Changing the Game With B2B Influencer Marketing: Who Are My Influencers?


How_to_be_the_next_final.jpgB2B selling is becoming more complex than ever as the digital revolution continues to transform a once predictable, linear purchasing path to a more circular pattern of touch points. Customers are more self directed as they research, evaluate, select, and share experiences about products and trust experts more than brands.  So what should B2B marketers do?

Influencer programs are becoming the holy grail of B2B digital marketing. Companies are transitioning to better ways of building relationships with those industry leaders that will reach their target audience. When you are able to align your storytelling with the right communities and with the right content, you will see an increase in brand awareness, web traffic or referrals, and even increase in sales. The process begins AFTER you nail down your target market and outline your buyer personas. But to start, it’s important to understand exactly what a key influencer is, and why you need them before putting together a strategy to engage with them.

Who Are Influencers Anyways?

Influencers are typically third-party individuals who shape a consumer’s purchasing decision and have a greater than average reach or impact in a specific marketplace. Who are your influencers? Who influences your buyers in particular? Who has close relationships with your target audience and can influence their behavior? B2B influencers come in many different types and it’s important to segment them to help prioritize your PR outreach, social media and content marketing efforts. Below are some categories of influencers for B2B businesses:

Influencers can be industry analysts who analyze, size markets and decide where your company should be positioned within your market category. After being in B2B tech marketing for over 20 years who doesn’t want to be in a leadership position within a Gartner, Forrester Research or IDC report?

Influencers can be the mediabloggers most influential with your target audience, top ranked websites, editors and journalists at online, IT, trade, vertical or business publications that have audiences that you want to reach most relevant to your buyers but don’t have access to with your own resources. Some recent studies have shown that influencer size has a negative impact on engagement. Identifying influencers with a smaller following is where brands can find the most value, the study found. Brands that are interested in engagement over reach, and conversions over awareness are better suited to work with these micro-influencers.

Influencers are the thought leaders driving industry conversations from mainstream publications like Huffington Post, Wall Street Journal, or Forbes and social media influencers with large social media audiences that crank out a ton of relevant and insightful content around specific topics. Why not get these people to publish or talk about your content?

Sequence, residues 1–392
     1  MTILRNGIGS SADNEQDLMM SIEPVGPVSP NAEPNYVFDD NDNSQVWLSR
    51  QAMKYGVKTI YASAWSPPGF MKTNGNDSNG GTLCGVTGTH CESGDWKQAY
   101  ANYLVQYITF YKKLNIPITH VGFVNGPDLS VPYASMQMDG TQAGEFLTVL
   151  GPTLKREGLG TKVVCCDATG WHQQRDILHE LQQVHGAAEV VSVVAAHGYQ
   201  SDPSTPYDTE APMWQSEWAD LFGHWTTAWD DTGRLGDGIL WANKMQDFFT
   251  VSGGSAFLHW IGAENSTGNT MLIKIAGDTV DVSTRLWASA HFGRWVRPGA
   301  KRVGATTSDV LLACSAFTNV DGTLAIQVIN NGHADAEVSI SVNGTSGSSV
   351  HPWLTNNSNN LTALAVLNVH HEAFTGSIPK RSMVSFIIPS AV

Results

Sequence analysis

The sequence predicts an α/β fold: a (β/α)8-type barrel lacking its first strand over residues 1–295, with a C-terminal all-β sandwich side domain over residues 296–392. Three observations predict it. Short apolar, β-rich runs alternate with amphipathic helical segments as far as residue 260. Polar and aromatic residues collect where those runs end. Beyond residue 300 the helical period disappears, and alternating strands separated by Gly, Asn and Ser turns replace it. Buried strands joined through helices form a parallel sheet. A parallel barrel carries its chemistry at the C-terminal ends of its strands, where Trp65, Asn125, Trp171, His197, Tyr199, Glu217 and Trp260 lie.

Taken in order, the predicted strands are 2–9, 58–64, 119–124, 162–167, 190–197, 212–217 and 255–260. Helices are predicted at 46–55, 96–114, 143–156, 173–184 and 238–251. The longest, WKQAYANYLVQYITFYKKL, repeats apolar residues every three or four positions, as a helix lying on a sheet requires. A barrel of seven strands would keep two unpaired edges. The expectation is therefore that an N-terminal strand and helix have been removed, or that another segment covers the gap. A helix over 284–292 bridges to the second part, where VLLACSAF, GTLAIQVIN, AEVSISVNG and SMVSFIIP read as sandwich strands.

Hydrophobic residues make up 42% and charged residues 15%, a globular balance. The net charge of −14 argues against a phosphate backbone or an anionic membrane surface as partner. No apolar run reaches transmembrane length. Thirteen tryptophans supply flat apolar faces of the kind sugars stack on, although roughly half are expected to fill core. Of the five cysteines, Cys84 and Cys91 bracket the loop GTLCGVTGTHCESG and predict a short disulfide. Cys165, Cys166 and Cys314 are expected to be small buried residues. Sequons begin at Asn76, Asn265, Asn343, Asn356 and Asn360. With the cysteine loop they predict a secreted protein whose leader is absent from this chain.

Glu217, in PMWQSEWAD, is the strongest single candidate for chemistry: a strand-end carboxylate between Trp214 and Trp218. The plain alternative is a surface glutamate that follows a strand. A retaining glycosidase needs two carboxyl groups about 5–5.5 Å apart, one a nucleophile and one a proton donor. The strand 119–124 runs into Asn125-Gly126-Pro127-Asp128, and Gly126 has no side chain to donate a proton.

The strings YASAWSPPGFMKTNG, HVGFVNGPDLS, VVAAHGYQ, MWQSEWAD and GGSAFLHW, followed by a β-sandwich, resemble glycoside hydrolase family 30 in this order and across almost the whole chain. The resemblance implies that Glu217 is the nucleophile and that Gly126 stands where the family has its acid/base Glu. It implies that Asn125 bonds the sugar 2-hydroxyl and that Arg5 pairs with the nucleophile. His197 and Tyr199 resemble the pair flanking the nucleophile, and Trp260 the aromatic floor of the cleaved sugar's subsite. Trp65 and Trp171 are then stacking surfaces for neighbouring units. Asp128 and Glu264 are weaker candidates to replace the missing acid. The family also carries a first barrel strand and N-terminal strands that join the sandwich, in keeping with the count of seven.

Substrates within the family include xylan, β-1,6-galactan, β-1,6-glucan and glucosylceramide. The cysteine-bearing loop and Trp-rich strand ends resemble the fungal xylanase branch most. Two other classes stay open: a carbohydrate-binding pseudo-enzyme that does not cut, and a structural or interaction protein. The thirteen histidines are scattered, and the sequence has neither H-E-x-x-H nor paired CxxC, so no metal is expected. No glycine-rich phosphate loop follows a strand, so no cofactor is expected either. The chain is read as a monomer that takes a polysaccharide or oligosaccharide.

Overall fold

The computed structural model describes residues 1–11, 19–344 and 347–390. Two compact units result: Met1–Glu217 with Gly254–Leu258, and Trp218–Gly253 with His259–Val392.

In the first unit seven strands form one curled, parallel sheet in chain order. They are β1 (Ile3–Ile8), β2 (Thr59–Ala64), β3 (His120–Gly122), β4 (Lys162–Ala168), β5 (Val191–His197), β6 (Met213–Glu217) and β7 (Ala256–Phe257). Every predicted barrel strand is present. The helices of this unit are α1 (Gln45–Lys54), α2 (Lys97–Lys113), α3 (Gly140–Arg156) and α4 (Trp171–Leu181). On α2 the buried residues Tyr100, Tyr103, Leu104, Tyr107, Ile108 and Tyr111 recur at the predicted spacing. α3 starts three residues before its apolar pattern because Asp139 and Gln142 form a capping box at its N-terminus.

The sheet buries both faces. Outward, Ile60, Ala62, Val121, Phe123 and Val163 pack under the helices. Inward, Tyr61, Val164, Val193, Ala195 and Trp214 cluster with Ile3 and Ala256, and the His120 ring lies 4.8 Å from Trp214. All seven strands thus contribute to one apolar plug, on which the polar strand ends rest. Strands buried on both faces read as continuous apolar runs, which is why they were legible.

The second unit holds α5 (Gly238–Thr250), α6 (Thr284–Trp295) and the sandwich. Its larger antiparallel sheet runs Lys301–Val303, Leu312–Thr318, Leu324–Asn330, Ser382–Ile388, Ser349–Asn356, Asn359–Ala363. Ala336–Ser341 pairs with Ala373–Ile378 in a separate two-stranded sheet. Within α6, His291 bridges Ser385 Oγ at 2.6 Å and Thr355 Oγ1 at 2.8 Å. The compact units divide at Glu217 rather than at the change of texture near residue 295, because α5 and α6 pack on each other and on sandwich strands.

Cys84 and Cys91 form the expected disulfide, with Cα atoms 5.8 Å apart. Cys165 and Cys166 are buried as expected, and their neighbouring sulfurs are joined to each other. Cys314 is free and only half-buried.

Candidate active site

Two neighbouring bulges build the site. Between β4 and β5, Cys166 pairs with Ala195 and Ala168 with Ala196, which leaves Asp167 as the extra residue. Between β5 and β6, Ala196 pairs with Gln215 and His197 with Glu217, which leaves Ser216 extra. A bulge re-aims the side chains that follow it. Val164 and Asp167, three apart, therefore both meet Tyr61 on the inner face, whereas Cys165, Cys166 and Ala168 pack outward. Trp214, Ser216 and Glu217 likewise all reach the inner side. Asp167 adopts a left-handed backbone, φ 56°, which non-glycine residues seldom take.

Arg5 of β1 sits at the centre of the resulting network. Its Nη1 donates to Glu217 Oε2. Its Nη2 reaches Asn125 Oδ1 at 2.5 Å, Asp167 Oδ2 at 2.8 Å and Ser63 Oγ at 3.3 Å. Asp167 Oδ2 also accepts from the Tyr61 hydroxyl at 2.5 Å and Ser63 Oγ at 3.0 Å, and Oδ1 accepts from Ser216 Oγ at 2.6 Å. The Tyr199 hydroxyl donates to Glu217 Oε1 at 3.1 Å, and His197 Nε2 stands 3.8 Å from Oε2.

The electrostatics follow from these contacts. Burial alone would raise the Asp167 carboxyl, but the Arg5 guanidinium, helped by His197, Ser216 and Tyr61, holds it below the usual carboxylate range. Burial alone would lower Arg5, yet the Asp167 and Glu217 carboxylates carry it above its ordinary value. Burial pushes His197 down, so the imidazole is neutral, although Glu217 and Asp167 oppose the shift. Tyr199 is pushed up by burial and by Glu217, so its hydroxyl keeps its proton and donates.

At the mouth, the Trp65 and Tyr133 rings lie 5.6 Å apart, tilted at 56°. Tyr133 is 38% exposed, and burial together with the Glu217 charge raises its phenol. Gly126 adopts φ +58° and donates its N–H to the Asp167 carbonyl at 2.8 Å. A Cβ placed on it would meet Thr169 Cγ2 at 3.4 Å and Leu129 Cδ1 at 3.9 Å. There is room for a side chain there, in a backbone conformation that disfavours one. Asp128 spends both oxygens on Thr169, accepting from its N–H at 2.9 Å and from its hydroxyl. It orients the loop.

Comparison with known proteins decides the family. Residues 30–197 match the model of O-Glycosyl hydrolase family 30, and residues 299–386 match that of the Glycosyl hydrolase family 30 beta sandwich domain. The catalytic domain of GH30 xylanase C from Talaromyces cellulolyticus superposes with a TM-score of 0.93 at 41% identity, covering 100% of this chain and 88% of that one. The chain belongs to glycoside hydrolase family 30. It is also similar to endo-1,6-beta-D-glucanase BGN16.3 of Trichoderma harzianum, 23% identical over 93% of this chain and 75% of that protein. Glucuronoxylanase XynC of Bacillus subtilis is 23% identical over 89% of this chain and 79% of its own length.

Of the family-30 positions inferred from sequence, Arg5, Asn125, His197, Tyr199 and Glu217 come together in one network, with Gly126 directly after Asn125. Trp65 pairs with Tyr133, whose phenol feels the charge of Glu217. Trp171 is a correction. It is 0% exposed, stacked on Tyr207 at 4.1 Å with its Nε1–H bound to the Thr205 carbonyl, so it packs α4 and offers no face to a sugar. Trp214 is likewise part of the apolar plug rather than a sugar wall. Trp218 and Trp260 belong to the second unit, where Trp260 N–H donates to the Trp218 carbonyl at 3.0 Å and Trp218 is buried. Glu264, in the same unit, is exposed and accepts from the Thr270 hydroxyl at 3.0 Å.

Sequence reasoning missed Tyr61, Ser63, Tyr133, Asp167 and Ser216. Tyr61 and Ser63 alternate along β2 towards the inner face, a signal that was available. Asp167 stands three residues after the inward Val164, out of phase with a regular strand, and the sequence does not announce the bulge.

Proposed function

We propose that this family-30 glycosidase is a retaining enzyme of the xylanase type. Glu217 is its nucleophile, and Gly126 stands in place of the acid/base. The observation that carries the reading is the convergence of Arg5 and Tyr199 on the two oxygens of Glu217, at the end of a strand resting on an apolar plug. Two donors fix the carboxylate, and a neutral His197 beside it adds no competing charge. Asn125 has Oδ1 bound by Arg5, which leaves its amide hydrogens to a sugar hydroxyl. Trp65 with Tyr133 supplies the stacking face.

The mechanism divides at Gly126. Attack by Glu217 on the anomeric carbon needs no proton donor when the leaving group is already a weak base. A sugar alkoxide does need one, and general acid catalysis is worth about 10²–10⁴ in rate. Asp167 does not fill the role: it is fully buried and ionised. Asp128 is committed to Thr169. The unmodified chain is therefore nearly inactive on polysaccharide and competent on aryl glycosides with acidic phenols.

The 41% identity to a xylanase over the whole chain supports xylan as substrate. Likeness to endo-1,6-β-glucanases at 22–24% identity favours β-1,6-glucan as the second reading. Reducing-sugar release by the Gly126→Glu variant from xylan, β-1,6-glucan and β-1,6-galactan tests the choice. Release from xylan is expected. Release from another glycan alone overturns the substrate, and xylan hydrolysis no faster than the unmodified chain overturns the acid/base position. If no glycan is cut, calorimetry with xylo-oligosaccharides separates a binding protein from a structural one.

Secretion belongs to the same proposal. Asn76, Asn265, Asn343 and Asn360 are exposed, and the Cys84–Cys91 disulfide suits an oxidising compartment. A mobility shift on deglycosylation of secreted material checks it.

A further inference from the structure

Many B2B companies also forget their best brand advocates are their loyal customers. Remember that an advocate is not the same as influencer. You need to find those advocates that have the credibility, respect and reach to extend your message beyond their immediate group. Your customers can become your influencers by championing your products or services so make sure you have implemented appropriate incentive and customer success programs to cultivate these from the start.

Business peers are one of the most effective influencers over purchasing decisions that participate in various online forums or communities or at relevant industry conferences, associations and events. Many industries such as life sciences and banking also have powerful industry associations that should be considered as an influencer category as well.

Lastly, consider your employee advocates and strategies to engage them in sharing, tweeting or liking your company’s marketing efforts. It will go a long way for increasing reach and engagement for your branded content.

Why Do You Want to Engage With Influencers?

Next ask yourself what is my goal with these different categories of influencers? Do I want to build a relationship with key industry analysts to ensure my company is positioned accurately and positively in their reports? What can I bring to the table that can benefit the relationships I build with these people?

Influencers are everywhere and are constantly changing. B2B companies can benefit from these relationships by having a unified content marketing effort and amplifying the social reach of their content as well as links and mentions to increase SEO and web site rankings. So set tactical goals on what to expect with each influencer group that are measurable over time.

Stay tuned for “Changing the Game With B2B Influencer Marketing Part 2”, where we’ll talk about ways on how to identify your B2B Influencers and find out who has share of voice in your market space.

If you want to get started, check out our Beginner's Guide to Social Media.

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Tags: Social Media Marketing, B2B Marketing, Influencer Marketing